"The Czarina Bomba," one of the riflemen muttered in awe.

"What?" asked MacKiernan.

"A tasteless joke," said the woman. "We know of him now, and we are on the alert for his agents, so he is no longer a threat."

"He isn’t the only one who knows of these ‘Devices’," said MacKiernan. "Yakov sold information to other people besides the Germans. Another nationalist group called the British Union learned that you sent a second one here back in May aboard a vessel called the Ostrovnaya Devushka."

The Russians glanced at a safe that stood in the corner. MacKiernan recognized another product of the workshops at Tula. He wondered what it contained -- a map to the hiding place of the second Device, perhaps?

"I warned you we shouldn’t have trusted him, Anna," said the aristocrat.

"We needed him to obtain Solovyov’s papers, Michael," chided the woman, "and we have turned his betrayal to our advantage." She turned to MacKiernan with a smile he did not like at all. "We thank you for your warning, but as you will see, it was unnecessary."

A door swung open behind her to reveal two men. MacKiernan recognized Fuller from Captain Everett’s description. The other was someone he knew all too well.

"Blacker!"

"We got here first," said the lieutenant smugly. "And we made them a better offer."


Their captors marched them along the shore around the tip of the island. MacKiernan had assumed they’d load the safe onto a wagon, but instead they lashed it to the top of a Rolls Royce armored car left over from the War. MacKiernan wondered how they’d got the vehicle ashore. It was a strange procession: the Rolls in front with the leaders aboard, followed by the prisoners and a party of English seamen who served as guards, with four uniformed Cossacks -- broiling in the tropical heat -- bringing up the year.

Some of his questions were answered when they reached the next beach. A strange blocky-looking barge was drawn up on the sand, with its bow lowered to form a ramp. Fuller emerged from the car, hooked it to a cable, then strode over to the prisoners as the vehicle was winched aboard.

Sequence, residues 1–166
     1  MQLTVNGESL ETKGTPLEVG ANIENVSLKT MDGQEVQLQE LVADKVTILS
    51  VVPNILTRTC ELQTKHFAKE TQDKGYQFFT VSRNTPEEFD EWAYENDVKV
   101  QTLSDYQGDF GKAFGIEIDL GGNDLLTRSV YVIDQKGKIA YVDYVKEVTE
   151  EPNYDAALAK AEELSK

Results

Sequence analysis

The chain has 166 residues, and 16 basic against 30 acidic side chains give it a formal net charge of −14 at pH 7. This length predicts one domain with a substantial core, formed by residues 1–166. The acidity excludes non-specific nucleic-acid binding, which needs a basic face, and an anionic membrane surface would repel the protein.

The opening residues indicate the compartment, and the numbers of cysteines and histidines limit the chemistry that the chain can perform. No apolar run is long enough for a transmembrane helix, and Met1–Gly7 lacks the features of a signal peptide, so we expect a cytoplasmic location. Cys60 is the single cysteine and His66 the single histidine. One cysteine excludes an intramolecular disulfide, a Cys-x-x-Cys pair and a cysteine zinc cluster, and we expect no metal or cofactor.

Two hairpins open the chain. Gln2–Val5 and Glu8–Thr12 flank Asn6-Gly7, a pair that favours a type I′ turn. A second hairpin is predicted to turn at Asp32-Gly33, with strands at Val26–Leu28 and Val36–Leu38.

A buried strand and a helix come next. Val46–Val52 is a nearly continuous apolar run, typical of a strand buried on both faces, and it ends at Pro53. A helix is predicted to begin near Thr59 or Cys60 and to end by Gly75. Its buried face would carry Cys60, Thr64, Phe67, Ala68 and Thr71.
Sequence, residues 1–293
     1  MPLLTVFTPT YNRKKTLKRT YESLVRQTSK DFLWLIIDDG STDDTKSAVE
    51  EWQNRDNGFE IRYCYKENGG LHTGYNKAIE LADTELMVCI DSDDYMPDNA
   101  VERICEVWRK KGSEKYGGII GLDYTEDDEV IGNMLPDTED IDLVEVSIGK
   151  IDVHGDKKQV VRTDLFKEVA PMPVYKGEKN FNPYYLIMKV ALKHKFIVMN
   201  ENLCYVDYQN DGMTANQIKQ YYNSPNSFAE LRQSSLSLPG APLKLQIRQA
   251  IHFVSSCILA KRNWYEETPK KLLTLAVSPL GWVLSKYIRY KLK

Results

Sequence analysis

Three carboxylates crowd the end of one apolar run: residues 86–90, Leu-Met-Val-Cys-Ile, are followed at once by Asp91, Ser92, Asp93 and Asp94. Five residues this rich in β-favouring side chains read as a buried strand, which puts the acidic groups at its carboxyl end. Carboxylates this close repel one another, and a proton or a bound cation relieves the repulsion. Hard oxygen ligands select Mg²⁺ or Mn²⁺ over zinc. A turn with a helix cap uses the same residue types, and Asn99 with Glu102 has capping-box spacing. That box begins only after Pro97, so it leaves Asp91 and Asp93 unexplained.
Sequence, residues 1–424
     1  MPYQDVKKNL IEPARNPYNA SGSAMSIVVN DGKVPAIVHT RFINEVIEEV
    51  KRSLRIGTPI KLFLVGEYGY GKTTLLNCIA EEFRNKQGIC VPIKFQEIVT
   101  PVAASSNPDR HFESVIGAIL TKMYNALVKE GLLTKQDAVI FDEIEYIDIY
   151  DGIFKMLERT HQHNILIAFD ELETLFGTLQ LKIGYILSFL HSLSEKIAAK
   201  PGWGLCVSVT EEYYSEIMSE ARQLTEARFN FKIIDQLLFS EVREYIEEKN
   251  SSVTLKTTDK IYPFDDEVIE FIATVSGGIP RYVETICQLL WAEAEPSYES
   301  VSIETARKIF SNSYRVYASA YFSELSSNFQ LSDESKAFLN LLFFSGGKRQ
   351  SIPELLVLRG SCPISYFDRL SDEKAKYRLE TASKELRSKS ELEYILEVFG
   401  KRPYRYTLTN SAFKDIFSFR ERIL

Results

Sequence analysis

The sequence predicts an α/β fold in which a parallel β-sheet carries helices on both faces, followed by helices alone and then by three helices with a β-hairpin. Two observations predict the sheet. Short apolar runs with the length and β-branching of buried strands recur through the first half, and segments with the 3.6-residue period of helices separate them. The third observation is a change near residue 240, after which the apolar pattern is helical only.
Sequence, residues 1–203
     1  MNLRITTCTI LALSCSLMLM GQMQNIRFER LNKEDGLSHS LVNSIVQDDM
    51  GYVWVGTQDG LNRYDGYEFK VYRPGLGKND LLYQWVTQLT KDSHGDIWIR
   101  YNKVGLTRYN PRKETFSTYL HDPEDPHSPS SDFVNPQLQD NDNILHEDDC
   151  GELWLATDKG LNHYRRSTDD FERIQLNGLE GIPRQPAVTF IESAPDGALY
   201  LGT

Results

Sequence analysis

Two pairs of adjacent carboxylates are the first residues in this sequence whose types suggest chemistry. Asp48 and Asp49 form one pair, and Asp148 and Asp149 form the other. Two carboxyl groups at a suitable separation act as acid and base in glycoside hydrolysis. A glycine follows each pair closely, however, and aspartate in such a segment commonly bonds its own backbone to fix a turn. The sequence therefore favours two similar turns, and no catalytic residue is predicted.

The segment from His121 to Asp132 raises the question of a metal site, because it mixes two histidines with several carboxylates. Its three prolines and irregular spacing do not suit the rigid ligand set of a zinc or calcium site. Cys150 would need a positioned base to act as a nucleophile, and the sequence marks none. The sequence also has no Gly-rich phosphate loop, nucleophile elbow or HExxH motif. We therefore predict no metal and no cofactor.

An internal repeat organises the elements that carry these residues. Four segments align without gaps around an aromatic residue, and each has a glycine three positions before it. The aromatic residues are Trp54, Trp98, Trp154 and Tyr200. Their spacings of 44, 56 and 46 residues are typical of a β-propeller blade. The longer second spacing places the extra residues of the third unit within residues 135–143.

"You’re impressed?" he remarked. "It’s my own invention, to facilitate marine assaults. Those fools at the Admiralty lacked the vision to appreciate it."

"I imagine you’ll find a ready market among the White Russians," said MacKiernan. "How’d you persuade them to ally with you?"

"As you observed, we share common enemies," smirked Fuller, "the Germans, and the peace-loving socialists who control both our governments. You’ll learn more when you meet the Leader. But now, if you’ll excuse me, I must go to oversee operations."

The barge was too small to carry everything in one load, so it took the Rolls and its passengers first, leaving the prisoners and guards on the beach. MacKiernan and Abercrombie watched it make its way out to a small freighter anchored offshore. From here, they could just make out the vessel’s name.

"The Skerry Lady?" said Abercrombie in amazement.

MacKiernan shook his head. "I hope Jenkins never finds out."

"You two don’t seem to be taking this seriously!" complained Miss Perkins.

"There’s not much point in that until we have a serious chance to escape," MacKiernan replied pragmatically.

"And when might that be?" asked Miss Perkins. She didn't seem at all appeased by the Irishman’s observation. Their attention was distracted by a remark from one of the guards.

"Who the devil are they?"

The three companions turned to see a second craft approaching the beach. It looked like a ship's lifeboat, but it didn't appear to be in any particular distress. The oarsmen pulled with long even strokes from behind the row of ventilator covers they’d hung from the rail like shields.

MacKiernan and Abercrombie exchanged incredulous glances.

"Oh dear..." said the Irishman.

"You dinnae think..." said the Scotsman.

"Whatever is she doing here?"

"I’ve had quite enough of this!" announced Miss Perkins. "What are you two talking about?"

"You might wish to take cover," said MacKiernan politely. "I believe that things are about to become confusing."

The secretary opened her mouth to protest, but at that moment the air was split by a cry.

"Odin!"

Next week: And An Unexpected Reunion...